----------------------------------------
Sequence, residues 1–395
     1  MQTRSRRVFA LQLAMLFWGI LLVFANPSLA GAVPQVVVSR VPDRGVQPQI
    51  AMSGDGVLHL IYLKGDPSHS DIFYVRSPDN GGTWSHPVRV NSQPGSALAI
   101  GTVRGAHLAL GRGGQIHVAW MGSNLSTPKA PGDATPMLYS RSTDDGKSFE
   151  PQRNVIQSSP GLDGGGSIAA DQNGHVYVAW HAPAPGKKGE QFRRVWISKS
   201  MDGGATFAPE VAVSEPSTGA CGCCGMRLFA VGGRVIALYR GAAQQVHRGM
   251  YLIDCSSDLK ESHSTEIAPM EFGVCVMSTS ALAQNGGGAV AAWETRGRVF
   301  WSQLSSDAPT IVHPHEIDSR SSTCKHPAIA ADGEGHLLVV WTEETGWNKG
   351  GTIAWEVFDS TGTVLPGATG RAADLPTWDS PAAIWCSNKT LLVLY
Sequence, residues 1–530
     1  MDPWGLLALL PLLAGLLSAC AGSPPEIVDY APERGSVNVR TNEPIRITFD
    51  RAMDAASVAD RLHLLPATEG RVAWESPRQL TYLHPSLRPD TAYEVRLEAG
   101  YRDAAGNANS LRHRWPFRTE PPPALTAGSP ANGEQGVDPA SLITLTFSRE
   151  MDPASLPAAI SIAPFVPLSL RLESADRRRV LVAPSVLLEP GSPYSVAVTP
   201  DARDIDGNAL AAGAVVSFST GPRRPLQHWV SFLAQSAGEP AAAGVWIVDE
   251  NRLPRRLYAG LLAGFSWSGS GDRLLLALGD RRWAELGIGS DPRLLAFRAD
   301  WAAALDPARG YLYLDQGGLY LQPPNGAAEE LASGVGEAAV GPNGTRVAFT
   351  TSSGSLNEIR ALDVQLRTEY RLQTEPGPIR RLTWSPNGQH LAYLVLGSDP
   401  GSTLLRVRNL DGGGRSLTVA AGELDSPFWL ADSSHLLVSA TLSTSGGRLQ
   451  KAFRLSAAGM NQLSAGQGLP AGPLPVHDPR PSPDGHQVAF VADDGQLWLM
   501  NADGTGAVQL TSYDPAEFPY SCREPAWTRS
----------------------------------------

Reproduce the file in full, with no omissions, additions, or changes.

Sequence, residues 1–395
     1  MQTRSRRVFA LQLAMLFWGI LLVFANPSLA GAVPQVVVSR VPDRGVQPQI
    51  AMSGDGVLHL IYLKGDPSHS DIFYVRSPDN GGTWSHPVRV NSQPGSALAI
   101  GTVRGAHLAL GRGGQIHVAW MGSNLSTPKA PGDATPMLYS RSTDDGKSFE
   151  PQRNVIQSSP GLDGGGSIAA DQNGHVYVAW HAPAPGKKGE QFRRVWISKS
   201  MDGGATFAPE VAVSEPSTGA CGCCGMRLFA VGGRVIALYR GAAQQVHRGM
   251  YLIDCSSDLK ESHSTEIAPM EFGVCVMSTS ALAQNGGGAV AAWETRGRVF
   301  WSQLSSDAPT IVHPHEIDSR SSTCKHPAIA ADGEGHLLVV WTEETGWNKG
   351  GTIAWEVFDS TGTVLPGATG RAADLPTWDS PAAIWCSNKT LLVLY
Sequence, residues 1–530
     1  MDPWGLLALL PLLAGLLSAC AGSPPEIVDY APERGSVNVR TNEPIRITFD
    51  RAMDAASVAD RLHLLPATEG RVAWESPRQL TYLHPSLRPD TAYEVRLEAG
   101  YRDAAGNANS LRHRWPFRTE PPPALTAGSP ANGEQGVDPA SLITLTFSRE
   151  MDPASLPAAI SIAPFVPLSL RLESADRRRV LVAPSVLLEP GSPYSVAVTP
   201  DARDIDGNAL AAGAVVSFST GPRRPLQHWV SFLAQSAGEP AAAGVWIVDE
   251  NRLPRRLYAG LLAGFSWSGS GDRLLLALGD RRWAELGIGS DPRLLAFRAD
   301  WAAALDPARG YLYLDQGGLY LQPPNGAAEE LASGVGEAAV GPNGTRVAFT
   351  TSSGSLNEIR ALDVQLRTEY RLQTEPGPIR RLTWSPNGQH LAYLVLGSDP
   401  GSTLLRVRNL DGGGRSLTVA AGELDSPFWL ADSSHLLVSA TLSTSGGRLQ
   451  KAFRLSAAGM NQLSAGQGLP AGPLPVHDPR PSPDGHQVAF VADDGQLWLM
   501  NADGTGAVQL TSYDPAEFPY SCREPAWTRS